It is much easier to write great dialogue (which is a talent and not really very much of an exertion) than to write great plots. So we playwrights do the next best thing to writing great plots: we write bad plots. And then we fill up the empty spaces with verbiage.


Friday, April 22, 2011

Your Best Tools

Your best tools are short, plain, Anglo-Saxon verbs. I mean active verbs, not passive verbs. If you could write an article using only active verbs, your article would automatically have clarity and warmth and vigor.


Simple, Short Sentences Don't Always Work

We throw in as many fresh words as we can get away with. Simple, short sentences don't always work. You have to do tricks with pacing, alternate long sentences with short, to keep it alive and vital. Virtually every page is a cliff-hanger—you've got to force them to turn it.

DR. SEUSS (Theodor Seuss Geisel)

Thursday, April 21, 2011

Writing Should Be Kind of Invisible

Writing is trying hard to do two things, as I see it. One is to be entertaining in itself. Any page of good prose has something of the quality of a poem. It’s interesting in itself even if you don’t know the story or quite what you’re reading. It has a kind of abstract dynamism. But also it is trying to deliver images and a story to a reader, so in that sense it should be kind of invisible.


Wednesday, April 20, 2011

The Answer Is to Write

If you’re afraid you can’t write, the answer is to write. Every sentence you construct adds weight to the balance pan. If you’re afraid of what other people will think of your efforts, don’t show them until you write your way beyond your fear. If writing a book is impossible, write a chapter. If writing a chapter is impossible, write a page. If writing a page is impossible, write a paragraph. If writing a paragraph is impossible, write a sentence. If writing even a sentence is impossible, write a word and teach yourself everything there is to know about that word and then write another, connected word and see where their connection leads.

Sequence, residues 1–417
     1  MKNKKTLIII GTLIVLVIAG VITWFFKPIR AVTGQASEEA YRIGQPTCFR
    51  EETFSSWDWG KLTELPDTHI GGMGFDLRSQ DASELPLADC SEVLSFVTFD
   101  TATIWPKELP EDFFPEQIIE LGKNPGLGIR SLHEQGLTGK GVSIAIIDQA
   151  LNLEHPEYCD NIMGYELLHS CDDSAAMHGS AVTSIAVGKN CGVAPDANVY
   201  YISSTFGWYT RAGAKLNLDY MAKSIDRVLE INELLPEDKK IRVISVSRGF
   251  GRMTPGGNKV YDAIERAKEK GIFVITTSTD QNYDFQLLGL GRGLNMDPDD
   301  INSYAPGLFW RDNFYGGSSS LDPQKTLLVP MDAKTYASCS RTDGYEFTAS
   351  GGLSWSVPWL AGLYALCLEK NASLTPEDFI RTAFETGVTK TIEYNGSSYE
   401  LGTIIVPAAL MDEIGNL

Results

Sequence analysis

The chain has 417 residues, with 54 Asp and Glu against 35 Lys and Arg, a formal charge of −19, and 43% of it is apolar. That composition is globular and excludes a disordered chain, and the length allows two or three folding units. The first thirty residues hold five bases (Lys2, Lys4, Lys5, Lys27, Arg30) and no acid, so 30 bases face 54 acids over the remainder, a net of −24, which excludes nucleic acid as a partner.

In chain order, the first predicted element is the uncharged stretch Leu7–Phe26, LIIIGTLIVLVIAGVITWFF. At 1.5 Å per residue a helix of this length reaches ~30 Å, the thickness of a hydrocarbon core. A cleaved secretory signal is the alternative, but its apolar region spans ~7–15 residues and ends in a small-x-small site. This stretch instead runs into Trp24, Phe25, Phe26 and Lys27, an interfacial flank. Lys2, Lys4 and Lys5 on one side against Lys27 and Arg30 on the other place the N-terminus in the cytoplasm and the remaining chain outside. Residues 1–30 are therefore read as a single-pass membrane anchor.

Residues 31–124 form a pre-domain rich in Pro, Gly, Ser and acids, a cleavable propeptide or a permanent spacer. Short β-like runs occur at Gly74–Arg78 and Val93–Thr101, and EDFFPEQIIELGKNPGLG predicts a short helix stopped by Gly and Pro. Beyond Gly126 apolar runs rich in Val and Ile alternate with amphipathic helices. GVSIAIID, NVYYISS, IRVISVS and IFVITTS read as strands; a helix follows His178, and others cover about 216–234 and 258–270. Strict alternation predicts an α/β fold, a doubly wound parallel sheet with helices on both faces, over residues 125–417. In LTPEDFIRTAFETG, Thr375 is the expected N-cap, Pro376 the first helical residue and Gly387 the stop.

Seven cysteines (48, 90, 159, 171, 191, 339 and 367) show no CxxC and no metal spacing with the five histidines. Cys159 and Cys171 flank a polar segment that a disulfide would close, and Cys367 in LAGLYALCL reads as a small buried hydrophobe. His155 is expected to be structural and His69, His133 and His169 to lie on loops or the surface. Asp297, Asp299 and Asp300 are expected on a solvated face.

Tuesday, April 19, 2011

Get the Reader to Care

Every genuinely literary style, from the high authorial voice to Foster Wallace and his footnotes-within-footnotes, requires the reader to see the world from somewhere in particular, or from many places. So every novelist’s literary style is nothing less than an ethical strategy—it’s always an attempt to get the reader to care about people who are not the same as he or she is.


Be Cold

When you describe the miserable and unfortunate, and want to make the reader feel pity, try to be somewhat colder–that seems to give a kind of background to another’s grief, against which it stands out more clearly. Whereas in your story the characters cry and you sigh. Yes, be more cold. The more objective you are, the stronger will be the impression you make.


Monday, April 18, 2011

You Write What You Write